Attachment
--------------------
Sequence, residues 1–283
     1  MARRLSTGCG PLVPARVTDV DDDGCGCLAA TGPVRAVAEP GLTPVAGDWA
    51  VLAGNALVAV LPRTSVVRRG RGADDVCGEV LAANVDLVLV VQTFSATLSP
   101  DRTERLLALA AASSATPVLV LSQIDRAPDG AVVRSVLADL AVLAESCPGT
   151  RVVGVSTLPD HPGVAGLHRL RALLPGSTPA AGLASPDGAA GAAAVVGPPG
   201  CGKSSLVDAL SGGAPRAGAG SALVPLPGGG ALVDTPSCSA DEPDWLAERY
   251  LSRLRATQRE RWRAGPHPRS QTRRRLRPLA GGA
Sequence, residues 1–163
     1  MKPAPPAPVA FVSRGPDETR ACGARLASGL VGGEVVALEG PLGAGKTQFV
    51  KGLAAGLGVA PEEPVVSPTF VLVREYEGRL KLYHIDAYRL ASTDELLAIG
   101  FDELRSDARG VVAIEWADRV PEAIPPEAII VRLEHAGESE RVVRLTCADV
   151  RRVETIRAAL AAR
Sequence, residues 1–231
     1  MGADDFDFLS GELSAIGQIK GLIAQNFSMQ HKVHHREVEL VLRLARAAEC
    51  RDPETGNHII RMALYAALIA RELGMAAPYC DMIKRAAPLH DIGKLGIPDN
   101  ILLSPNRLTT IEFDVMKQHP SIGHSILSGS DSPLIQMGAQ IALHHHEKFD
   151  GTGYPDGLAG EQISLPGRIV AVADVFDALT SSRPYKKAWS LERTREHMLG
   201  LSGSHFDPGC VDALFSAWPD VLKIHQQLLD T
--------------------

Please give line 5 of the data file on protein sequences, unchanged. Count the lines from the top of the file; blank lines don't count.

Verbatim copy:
   151  RVVGVSTLPD HPGVAGLHRL RALLPGSTPA AGLASPDGAA GAAAVVGPPG